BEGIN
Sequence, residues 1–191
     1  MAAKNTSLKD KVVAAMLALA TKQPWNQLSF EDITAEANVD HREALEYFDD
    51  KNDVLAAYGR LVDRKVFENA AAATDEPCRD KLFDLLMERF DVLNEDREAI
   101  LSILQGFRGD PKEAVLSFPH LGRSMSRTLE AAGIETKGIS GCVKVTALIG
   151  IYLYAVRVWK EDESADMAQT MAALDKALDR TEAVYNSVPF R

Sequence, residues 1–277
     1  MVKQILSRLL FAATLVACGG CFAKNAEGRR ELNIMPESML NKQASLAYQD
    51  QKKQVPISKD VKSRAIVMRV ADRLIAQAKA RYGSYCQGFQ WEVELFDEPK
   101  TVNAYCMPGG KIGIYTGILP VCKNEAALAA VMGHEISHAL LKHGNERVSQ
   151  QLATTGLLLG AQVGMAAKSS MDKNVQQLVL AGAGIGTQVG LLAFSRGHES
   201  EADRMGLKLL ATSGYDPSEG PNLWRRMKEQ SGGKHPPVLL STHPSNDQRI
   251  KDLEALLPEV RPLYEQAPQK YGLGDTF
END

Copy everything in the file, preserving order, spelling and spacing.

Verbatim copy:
Sequence, residues 1–191
     1  MAAKNTSLKD KVVAAMLALA TKQPWNQLSF EDITAEANVD HREALEYFDD
    51  KNDVLAAYGR LVDRKVFENA AAATDEPCRD KLFDLLMERF DVLNEDREAI
   101  LSILQGFRGD PKEAVLSFPH LGRSMSRTLE AAGIETKGIS GCVKVTALIG
   151  IYLYAVRVWK EDESADMAQT MAALDKALDR TEAVYNSVPF R

Sequence, residues 1–277
     1  MVKQILSRLL FAATLVACGG CFAKNAEGRR ELNIMPESML NKQASLAYQD
    51  QKKQVPISKD VKSRAIVMRV ADRLIAQAKA RYGSYCQGFQ WEVELFDEPK
   101  TVNAYCMPGG KIGIYTGILP VCKNEAALAA VMGHEISHAL LKHGNERVSQ
   151  QLATTGLLLG AQVGMAAKSS MDKNVQQLVL AGAGIGTQVG LLAFSRGHES
   201  EADRMGLKLL ATSGYDPSEG PNLWRRMKEQ SGGKHPPVLL STHPSNDQRI
   251  KDLEALLPEV RPLYEQAPQK YGLGDTF